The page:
The Asia Pacific Advanced Prostate Cancer Consensus Conference (APAC APCCC 2018) brought together 20 experts from 15 APAC countries to discuss the real‐world application of consensus statements from the second APCCC held in St Gallen in 2017 (APCCC 2017).

Findings

Differences in genetics, environment, lifestyle, diet and culture are all likely to influence the management of advanced prostate cancer in the APAC region when compared with the rest of the world. When considering the strong APCCC 2017 recommendation for the use of upfront docetaxel in metastatic castration‐naïve prostate cancer, the panel noted possible increased toxicity in Asian men receiving docetaxel, which would affect this recommendation in the APAC region. Although androgen receptor‐targeting agents appear to be well tolerated in Asian men with metastatic castration‐resistant prostate cancer, access to these drugs is very limited for financial reasons across the region. The meeting highlighted that cost and access to contemporary treatments and technologies are key factors influencing therapeutic decision‐making in the APAC region. Whilst lower cost/older treatments and technologies may be an option, issues of culture and patient or physician preference mean, these may not always be acceptable. Although generic products can reduce cost in some countries, costs may still be prohibitive for lower‐income patients or communities. The panellists noted the opportunity for a coordinated approach across the APAC region to address issues of access and cost. Developments in technologies and treatments are presenting new opportunities for the diagnosis and treatment of advanced prostate cancer. Differences in genetics and epidemiology affect the side‐effect profiles of some drugs and influence prescribing.

Box 1: Management of advanced prostate cancer in the APAC region: real‐world challenges in implementing the St Gallen APCCC recommendations.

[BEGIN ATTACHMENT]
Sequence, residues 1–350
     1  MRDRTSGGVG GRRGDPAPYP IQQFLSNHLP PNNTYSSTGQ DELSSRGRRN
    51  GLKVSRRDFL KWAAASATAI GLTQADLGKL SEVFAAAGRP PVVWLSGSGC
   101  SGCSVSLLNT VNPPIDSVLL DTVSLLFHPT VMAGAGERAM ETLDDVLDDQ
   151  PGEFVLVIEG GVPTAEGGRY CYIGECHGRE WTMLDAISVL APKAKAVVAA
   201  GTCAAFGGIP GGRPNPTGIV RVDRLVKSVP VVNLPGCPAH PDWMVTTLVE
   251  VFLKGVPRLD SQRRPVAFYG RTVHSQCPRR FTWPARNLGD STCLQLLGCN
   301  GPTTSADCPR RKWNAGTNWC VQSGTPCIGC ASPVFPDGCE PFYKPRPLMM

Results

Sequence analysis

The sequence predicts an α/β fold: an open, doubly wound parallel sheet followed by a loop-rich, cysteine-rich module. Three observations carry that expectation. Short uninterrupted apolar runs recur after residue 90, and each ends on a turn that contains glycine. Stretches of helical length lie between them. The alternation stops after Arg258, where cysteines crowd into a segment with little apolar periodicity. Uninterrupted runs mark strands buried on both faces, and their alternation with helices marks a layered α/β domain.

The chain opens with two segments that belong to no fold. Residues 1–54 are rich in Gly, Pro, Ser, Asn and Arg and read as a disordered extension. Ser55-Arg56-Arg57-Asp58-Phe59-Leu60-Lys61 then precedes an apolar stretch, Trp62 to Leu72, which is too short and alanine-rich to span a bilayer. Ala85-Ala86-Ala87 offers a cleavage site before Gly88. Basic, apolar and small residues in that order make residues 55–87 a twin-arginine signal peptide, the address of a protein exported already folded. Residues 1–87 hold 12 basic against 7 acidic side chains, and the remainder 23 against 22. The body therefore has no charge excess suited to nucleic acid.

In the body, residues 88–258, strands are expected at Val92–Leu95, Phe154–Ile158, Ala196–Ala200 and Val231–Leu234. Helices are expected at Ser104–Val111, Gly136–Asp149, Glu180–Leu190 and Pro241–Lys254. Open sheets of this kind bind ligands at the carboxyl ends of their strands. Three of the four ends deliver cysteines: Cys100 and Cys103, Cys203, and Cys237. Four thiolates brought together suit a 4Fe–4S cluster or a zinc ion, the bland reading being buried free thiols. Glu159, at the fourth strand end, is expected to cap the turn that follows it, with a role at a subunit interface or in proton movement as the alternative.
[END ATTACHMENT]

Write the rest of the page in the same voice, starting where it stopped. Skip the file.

1. Differences in toxicity: safety data for docetaxel are not fully established in Asian men and concerns about the toxicity profile and risk of neutropaenia may influence prescribing.
  2. Disparities in access to imaging technology: variable access to imaging technology may limit prescribing according to precise definitions.
  3. Disparities in access and cost of treatment: availability and cost of treatments are the most significant factor influencing prescribing decisions in the region; lower‐cost alternatives are not always culturally acceptable, and informed choice is important.
  4. Variability in MDT approaches: the importance of multidisciplinary input to treatment recommendations is understood but MDTs are a challenge in some APAC countries; virtual MDT participation should be encouraged.
  5. Variability in demographics: genetics and epidemiology in Asian men with prostate cancer may result in different treatment responses; collaborative registry studies and trials in APAC populations are likely to be valuable.

Conclusions

As the field continues to evolve, collaboration across the APAC region will be important to facilitate relevant research and collection and appraisal of data relevant to APAC populations. In the meantime, the APAC APCCC 2018 meeting highlighted the critical importance of a multidisciplinary team‐based approach to treatment planning and care, delivery of best‐practice care by clinicians with appropriate expertise, and the importance of patient information and support for informed patient choice.